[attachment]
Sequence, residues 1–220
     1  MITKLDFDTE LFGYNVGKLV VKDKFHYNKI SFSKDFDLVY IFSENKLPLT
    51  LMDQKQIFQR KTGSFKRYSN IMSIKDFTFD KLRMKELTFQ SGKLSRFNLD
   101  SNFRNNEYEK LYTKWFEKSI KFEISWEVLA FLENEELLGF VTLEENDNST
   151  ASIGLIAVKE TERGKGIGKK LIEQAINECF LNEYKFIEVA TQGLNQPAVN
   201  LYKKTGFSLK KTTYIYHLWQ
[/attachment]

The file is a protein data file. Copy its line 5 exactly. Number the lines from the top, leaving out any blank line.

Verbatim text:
   151  ASIGLIAVKE TERGKGIGKK LIEQAINECF LNEYKFIEVA TQGLNQPAVN